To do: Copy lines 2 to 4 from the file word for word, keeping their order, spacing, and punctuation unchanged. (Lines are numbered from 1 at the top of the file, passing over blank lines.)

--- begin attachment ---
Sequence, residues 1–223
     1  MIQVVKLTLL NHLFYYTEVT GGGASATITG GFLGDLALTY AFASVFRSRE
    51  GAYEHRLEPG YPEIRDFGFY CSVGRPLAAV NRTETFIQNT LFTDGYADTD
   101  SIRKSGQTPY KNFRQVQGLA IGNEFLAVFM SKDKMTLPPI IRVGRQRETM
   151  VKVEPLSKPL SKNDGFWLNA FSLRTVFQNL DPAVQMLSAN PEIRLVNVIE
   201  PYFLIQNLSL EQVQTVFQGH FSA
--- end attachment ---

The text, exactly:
     1  MIQVVKLTLL NHLFYYTEVT GGGASATITG GFLGDLALTY AFASVFRSRE
    51  GAYEHRLEPG YPEIRDFGFY CSVGRPLAAV NRTETFIQNT LFTDGYADTD
   101  SIRKSGQTPY KNFRQVQGLA IGNEFLAVFM SKDKMTLPPI IRVGRQRETM